Corporates to account for 20% of utility-scale renewable power in the US | The Paper Source University

Corporate procurement will account for about 20% of utility-scale renewable power additions in the US in the next decade—far ahead of the rest of the world, according to a new study released by IHS Markit.

The US has a growing portion of new renewable energy projects being built to meet demand coming directly from corporations, according to the report, Corporate U.S. Renewable Procurement Outlook: Optimism Amid a Pessimistic Year.

Agreements by which corporations contract electricity from renewable power producers are expected to be responsible for 44-72GW of wind and solar additions in the US from 2021-2030.

These corporate-driven Power Purchasing Agreements (PPAs) would represent an average of 4.4 -7.2GW per year depending on the extent to which corporations expand and fulfill their renewable ambitions.

Corporate sector renewable demand had been miniscule as recently as 2017. However, corporate procurement more than doubled in 2018 and increased again in 2019, with almost 16GW announced between the two years.

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This growth in contracting is expected to contribute nearly 8GW of wind and solar installations in 2020, a 45% annual increase in installations stemming from corporate procurement.

Around 220 companies operating in the US are already procuring renewable power or plan to do so. And about 40% of these companies have targets that escalate through the early to mid-2020s.

The US currently is the world leader in this area by far, representing over 60% of the global market for corporate-driven procurement.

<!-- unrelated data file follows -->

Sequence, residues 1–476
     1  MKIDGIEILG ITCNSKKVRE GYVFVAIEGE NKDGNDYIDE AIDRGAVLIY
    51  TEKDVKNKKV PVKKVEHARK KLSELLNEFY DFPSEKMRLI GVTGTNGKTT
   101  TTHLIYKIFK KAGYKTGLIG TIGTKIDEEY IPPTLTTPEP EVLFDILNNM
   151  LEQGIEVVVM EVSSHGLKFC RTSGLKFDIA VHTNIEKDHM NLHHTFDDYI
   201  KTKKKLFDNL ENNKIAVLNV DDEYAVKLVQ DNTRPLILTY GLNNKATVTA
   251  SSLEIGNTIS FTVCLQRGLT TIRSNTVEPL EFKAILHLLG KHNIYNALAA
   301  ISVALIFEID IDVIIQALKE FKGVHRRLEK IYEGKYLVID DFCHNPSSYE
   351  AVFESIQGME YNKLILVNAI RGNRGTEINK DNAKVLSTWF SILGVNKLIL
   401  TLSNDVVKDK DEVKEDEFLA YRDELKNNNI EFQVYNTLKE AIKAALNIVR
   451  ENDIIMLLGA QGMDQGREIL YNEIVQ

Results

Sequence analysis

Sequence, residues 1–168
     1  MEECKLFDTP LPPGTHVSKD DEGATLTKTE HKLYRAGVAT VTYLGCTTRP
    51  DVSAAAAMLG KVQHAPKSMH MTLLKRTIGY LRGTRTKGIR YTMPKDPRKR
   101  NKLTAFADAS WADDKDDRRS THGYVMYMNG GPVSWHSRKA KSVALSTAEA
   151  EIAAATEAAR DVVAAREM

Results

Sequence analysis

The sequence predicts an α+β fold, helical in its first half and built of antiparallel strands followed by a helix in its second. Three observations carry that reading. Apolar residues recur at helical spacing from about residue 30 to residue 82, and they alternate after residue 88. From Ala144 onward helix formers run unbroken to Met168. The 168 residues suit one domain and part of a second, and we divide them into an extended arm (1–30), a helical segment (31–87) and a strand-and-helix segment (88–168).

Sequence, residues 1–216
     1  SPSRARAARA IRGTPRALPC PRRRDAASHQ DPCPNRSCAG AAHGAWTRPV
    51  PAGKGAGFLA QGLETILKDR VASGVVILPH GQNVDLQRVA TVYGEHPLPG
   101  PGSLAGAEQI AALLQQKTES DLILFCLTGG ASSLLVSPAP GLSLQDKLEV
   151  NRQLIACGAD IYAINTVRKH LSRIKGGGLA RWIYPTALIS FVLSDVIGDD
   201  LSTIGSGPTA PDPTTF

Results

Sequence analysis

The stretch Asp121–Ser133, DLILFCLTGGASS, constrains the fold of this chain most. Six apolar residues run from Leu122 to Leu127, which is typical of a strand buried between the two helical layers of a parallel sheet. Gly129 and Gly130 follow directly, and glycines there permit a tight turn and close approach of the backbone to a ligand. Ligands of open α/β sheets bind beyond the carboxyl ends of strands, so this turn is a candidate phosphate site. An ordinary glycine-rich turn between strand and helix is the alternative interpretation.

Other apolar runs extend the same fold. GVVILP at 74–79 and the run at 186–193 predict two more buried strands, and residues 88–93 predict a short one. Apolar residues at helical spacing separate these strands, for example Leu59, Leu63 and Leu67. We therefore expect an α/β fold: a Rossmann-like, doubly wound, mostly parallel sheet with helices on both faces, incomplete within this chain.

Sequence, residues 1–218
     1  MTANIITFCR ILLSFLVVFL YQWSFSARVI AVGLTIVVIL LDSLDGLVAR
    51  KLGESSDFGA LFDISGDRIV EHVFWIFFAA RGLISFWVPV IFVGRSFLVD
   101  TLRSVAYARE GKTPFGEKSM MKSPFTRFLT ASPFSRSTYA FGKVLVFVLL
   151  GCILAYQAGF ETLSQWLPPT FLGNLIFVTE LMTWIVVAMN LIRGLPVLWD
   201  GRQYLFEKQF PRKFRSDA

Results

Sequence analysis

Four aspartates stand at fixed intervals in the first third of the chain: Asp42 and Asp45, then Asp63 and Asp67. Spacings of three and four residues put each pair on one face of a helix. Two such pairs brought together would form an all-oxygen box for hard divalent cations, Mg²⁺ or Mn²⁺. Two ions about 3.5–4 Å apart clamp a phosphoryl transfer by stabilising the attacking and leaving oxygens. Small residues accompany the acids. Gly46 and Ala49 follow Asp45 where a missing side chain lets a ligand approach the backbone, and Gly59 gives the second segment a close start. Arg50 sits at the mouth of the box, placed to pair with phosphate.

This is owing to factors such as the sheer number of large US-based corporations, tax incentives, a high concentration of power-intensive data centers and power market structures and accounting standards that are more conducive to corporate procurement.

 Anna Shpitsberg, director, global power and renewables, IHS Markit, said: “We have now reached a tipping point for corporate sector demand for renewables.

“Fueled by shareholder and consumer activism, the opportunity to hedge power costs and corporate renewable targets, companies are increasingly making the connection between a specific project and a specific facility’s power demand.

“This type of corporate-driven renewables procurement is growing beyond its tech-based roots.

“Sectors such as manufacturing and telecommunications that have high consumption patterns, ambitious renewable targets and low-to-moderate renewable procurement to date are poised to expand in this area.”

Learn more about the report.

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